The McGowan Institute scientists are developing improved artificial lungs. Brack G. Hattler, MD, PhD, Professor of Surgery and Executive Director of the Medical Devices Laboratory at the University of Pittsburgh, and William J. Federspiel, PhD, the University’s William Kepler Whiteford Professor of Chemical Engineering, Surgery and Bioengineering, and Director of the Medical Devices Laboratory, currently are conducting laboratory research that is tackling fundamental problems associated with making artificial lungs more efficient and biocompatible, and is developing next generation artificial lungs or blood oxygenators.
The purpose of an artificial lung is to help lung-failure patients survive the tenuous bridge of time between loss of respiratory function and a lung transplant, and to allow a patient whose lungs have undergone trauma, like severe smoke inhalation, to rest and heal. Artificial lungs are small and portable, and are designed to allow patients to remain mobile and therefore stronger for surgery. In healthy lungs, blood vessels absorb oxygen from the blood that's pumped in from the heart, then release carbon dioxide through exhalation. An artificial lung basically imitates the way a normal lung works.
Researchers in Pittsburgh who are developing and testing prototypes believe artificial lung clinical trials in humans, similar to studies already underway in Canada and Europe, may begin as early as this spring.
"We are doing extensive work with the Department of Defense," says Dr. Hattler. "They are very interested in support of soldiers in combat." He expects human trials this spring for his group's external device, the Hemolung.
The Hemolung consists of a small cylindrical oxygenator that is approximately 4 inches in diameter. A cylindrical bundle of micro-porous hollow fiber membranes woven into a mat is wrapped in multiple layers around a central core. Oxygen flows through the hollow fiber membranes, while blood is circulated though the hollow fiber bundle. The core is spun at approximately 1000 RPM, dramatically enhancing gas exchange, as well as serving as a pump to move the blood through the external circuit. The 6-month clinical trial could begin early in 2008 on the Hemolung. Hope is that the FDA will approve it quickly, for patient use by the end of 2008.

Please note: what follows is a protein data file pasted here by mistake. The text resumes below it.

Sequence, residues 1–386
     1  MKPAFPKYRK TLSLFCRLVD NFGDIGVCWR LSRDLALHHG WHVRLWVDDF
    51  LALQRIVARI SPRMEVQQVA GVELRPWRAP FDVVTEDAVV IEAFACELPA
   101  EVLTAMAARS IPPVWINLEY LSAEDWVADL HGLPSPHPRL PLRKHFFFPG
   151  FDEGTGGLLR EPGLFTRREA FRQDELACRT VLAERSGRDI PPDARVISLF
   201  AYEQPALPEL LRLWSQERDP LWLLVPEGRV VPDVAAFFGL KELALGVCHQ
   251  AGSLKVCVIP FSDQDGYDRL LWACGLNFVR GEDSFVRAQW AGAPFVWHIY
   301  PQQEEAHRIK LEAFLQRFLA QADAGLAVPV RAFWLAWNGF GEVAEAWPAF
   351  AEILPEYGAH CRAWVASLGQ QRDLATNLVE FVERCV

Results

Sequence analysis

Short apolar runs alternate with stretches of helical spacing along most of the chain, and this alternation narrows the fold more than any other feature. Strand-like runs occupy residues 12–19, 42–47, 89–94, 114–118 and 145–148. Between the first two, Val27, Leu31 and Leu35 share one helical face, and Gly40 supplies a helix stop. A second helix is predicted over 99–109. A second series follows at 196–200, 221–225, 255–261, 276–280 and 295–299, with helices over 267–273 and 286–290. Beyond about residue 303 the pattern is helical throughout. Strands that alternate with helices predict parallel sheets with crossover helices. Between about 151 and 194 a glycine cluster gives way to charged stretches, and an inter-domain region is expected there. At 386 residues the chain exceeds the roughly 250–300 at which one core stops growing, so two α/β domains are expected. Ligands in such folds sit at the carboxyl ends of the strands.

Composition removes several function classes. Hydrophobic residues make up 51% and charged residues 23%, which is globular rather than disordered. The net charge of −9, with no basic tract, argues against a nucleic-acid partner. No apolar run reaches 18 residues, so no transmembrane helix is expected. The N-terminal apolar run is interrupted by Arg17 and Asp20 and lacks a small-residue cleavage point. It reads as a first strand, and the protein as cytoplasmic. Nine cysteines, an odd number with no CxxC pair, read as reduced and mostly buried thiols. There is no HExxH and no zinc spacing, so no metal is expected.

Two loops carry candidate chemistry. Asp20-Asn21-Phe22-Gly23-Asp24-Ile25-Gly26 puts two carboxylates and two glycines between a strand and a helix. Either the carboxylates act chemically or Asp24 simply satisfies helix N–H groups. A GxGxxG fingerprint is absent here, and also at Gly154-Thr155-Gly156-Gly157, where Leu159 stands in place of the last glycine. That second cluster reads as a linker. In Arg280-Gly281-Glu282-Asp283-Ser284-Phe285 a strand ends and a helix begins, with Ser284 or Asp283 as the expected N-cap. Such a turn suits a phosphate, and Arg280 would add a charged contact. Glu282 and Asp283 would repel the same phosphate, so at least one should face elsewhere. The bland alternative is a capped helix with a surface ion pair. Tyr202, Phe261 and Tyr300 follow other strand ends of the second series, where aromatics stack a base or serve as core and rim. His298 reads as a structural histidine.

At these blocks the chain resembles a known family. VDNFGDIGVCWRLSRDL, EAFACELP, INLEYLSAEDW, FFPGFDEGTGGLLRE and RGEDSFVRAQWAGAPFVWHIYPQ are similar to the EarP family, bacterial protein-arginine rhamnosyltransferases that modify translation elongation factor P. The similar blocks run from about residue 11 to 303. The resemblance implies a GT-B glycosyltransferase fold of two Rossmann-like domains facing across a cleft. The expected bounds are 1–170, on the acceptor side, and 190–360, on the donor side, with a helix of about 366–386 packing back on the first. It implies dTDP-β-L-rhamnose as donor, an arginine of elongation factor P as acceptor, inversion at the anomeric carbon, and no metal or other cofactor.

Down the road, Dr. Federspiel hopes an implantable lung will be available to support patients with chronic diseases like asthma and cystic fibrosis. He and his laboratory have been exploring an enzyme that, when used to coat the fibers in the artificial lung, accelerates the removal of carbon dioxide from the blood and may reduce the amount of blood that needs to be fed through the device, making it more efficient and safer for patients.
According to the National Heart, Lung, and Blood Institute, 150,000 Americans experience lung failure each year. A third do not survive, and those who do often suffer permanent respiratory damage. One thousand wait in line for lung transplants; 25% will die because their lungs fail them while they wait.
Current treatment for lung failure is to hook patients up to an artificial respirator. It is costly, immobile, and requires intubation, a process that can cause infection, says John Conte, a heart-and-lung transplant surgeon and associate professor at Johns Hopkins University School of Medicine. "You don't want to take a patient who's been flat on his back, with poor muscles and infection at the IV site, and do a transplant. That's a recipe for disaster."
Illustration: McGowan Institute for Regenerative Medicine.
USA Today (01/29/08)
Medical Devices Laboratory
ALung Technologies, Inc.